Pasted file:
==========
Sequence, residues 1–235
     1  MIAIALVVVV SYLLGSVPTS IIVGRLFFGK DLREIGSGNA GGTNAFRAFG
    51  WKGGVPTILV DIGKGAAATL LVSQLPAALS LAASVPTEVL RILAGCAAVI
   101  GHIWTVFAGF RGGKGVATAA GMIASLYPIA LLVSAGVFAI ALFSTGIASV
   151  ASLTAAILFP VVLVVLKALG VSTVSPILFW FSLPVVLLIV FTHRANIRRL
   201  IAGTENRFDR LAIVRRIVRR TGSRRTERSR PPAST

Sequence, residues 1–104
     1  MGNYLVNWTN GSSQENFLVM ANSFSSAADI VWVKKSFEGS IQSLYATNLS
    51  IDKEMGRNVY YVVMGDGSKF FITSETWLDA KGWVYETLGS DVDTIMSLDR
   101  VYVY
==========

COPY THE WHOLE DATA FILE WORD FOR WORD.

Sequence, residues 1–235
     1  MIAIALVVVV SYLLGSVPTS IIVGRLFFGK DLREIGSGNA GGTNAFRAFG
    51  WKGGVPTILV DIGKGAAATL LVSQLPAALS LAASVPTEVL RILAGCAAVI
   101  GHIWTVFAGF RGGKGVATAA GMIASLYPIA LLVSAGVFAI ALFSTGIASV
   151  ASLTAAILFP VVLVVLKALG VSTVSPILFW FSLPVVLLIV FTHRANIRRL
   201  IAGTENRFDR LAIVRRIVRR TGSRRTERSR PPAST

Sequence, residues 1–104
     1  MGNYLVNWTN GSSQENFLVM ANSFSSAADI VWVKKSFEGS IQSLYATNLS
    51  IDKEMGRNVY YVVMGDGSKF FITSETWLDA KGWVYETLGS DVDTIMSLDR
   101  VYVY